Wednesday, 7 August 2013

BULGARIA: The Bulgarian Protest

They have been overlooked by the international media, whose gaze has been fixed on Tahrir Square in Cairo and Taksim Square in Istanbul. But Bulgaria’s ongoing anti-government protests, which entered their 50th day last week, are indicative of a broader disillusionment with the political and economic elite seen all over Southeastern Europe. The concept of a state “captured” by business interests may resonate well beyond Bulgaria’s borders. The question is whether real change to how politics and the economy are run will come about.

The demonstrations are Bulgaria’s biggest since 1997, when economic crisis brought citizens to the street and led to the government’s ouster. At the peak of this summer’s demonstrations, a siege of parliament led to deputies being trapped in the building overnight; on another occasion, a bus carrying politicians was surrounded by protesters, who refused to let it pass.

The protests were triggered by the exasperation of an increasingly politicized, internet-savvy middle class with the state of Bulgarian democracy, as well as pervasive state capture, [and a] lack of transparency and accountability. The end of GERB's rule ushered in a ‘never again’ sentiment [that was] overlooked by BSP-DPS in their push to settle scores with opponents—like two teams on a football pitch which ignore, to their peril, the spectators. By pressing for resignation, protesters want to punish this government and teach a lesson to the entire political class

The demonstrators are calling for the resignation of the government headed by Prime Minister Plamen Oresharski, which was appointed in May following a snap election. The election was called after the previous center-right government of Boyko Borisov and his GERB party itself resigned following street protests. But whereas the anti-Borisov demonstrations were originally motivated by economic problems, particularly rising energy prices, the current protests are largely caused by political grievances.

They were triggered in June by Oresharski’s appointment, rapidly reversed, of highly controversial politician Delyan Peevski as head of the national security agency, DANS. Peevski’s mother is a media magnate and former head of Bulgaria’s national lottery, and is associated with a group of media industry leaders linked to Corporate Commercial Bank, a controversial institution with alleged political ties.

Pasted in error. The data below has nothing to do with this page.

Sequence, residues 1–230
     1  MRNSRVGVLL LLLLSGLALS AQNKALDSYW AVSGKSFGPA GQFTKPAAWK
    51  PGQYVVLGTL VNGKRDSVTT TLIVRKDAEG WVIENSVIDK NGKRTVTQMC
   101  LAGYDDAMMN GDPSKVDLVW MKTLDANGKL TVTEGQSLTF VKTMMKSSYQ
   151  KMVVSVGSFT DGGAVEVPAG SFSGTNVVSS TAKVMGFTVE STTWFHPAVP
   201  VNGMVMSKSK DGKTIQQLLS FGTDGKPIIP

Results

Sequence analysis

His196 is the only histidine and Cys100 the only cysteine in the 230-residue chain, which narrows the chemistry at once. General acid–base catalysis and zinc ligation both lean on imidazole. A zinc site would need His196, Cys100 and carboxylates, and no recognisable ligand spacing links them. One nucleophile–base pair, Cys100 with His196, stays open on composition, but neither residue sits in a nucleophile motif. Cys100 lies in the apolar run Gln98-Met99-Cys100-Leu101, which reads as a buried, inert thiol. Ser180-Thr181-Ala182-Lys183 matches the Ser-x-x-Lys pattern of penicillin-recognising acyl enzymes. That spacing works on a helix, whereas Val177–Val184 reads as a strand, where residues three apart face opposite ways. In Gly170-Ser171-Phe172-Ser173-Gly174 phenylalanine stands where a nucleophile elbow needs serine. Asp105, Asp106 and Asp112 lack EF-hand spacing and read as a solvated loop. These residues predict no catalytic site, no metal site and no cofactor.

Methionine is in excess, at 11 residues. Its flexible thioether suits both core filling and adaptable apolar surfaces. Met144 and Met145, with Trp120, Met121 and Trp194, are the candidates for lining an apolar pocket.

As such, Peevski is seen to typify the links between Bulgarian politicians and nefarious business interests; while no charges against him have been proved, he was sacked by a previous government for alleged corruption. The group around his mother is accused of concentrating media ownership, and thus influence, in their hands.

In retrospect, the Peevski appointment seems to have been a remarkably maladroit move by Oresharski and his government, which is backed by and includes members of Bulgaria’s socialist and ethnic Muslim parties—the BSP and DPS, respectively—with occasional support from the prickly far-right party “Attack” party. Few in Bulgaria seem able to fathom why the decision was made.

The Oresharski government was theoretically an administration including both technocrats and politicians that was meant to restore political stability and sound economic management after the chaos of the last years of the Borisov regime. While the new government was broadly welcomed by investors, many Bulgarians were unhappy about its senior figures’ apparent connections to business and even organized crime. The appointment of Peevski, some days after the cabinet was installed, brought those concerns sharply into focus.

But resentment goes far beyond the figures of Peevski and Oresharski; the protesters, and the many other Bulgarians who have stayed at home but nevertheless support them, are expressing frustration about the country’s political elite and the way that they conduct themselves.

It was predictable that the pugnacious Borisov, now in opposition, would seek to use the protests as grist for his own political mill, and indeed the former prime minister has called for new elections that he clearly expects he would win. But those involved in the anti-government movement make it clear that they want neither the socialists and their allies, nor a return of Borisov, who himself has been accused of unpalatable links to business and a clumsy and authoritarian style of government.

After years of silence and widespread fatalism about the state of politics in Bulgaria, a significant number of Bulgarians feel that enough is enough and that they will no longer tolerate business as usual. It bears noting that a substantial proportion of their compatriots, and not only among BSP and DPS loyalists, do not necessarily agree. But many hope that the country can close the door on the post-communist era, in which many senior politicians seemed more concerned with their own interests and those of their business partners than with the greater good.

While the protests have sustained momentum remarkably well, the government remains in place, a sign of more than just its tenacity given its precarious parliamentary position. Investors are naturally wary of more political uncertainty. The opposition has almost no political figures that would inspire widespread confidence and support. And changing a system that has been in place for more than two decades will prove a challenge. But this year’s protests at least show that some Bulgarians will no longer tolerate the status quo.

By Guylain Gustave Moke
Political Analyst/Writer
Investigative Journalist

Photo-Credit AFP: Protest in Sofia photo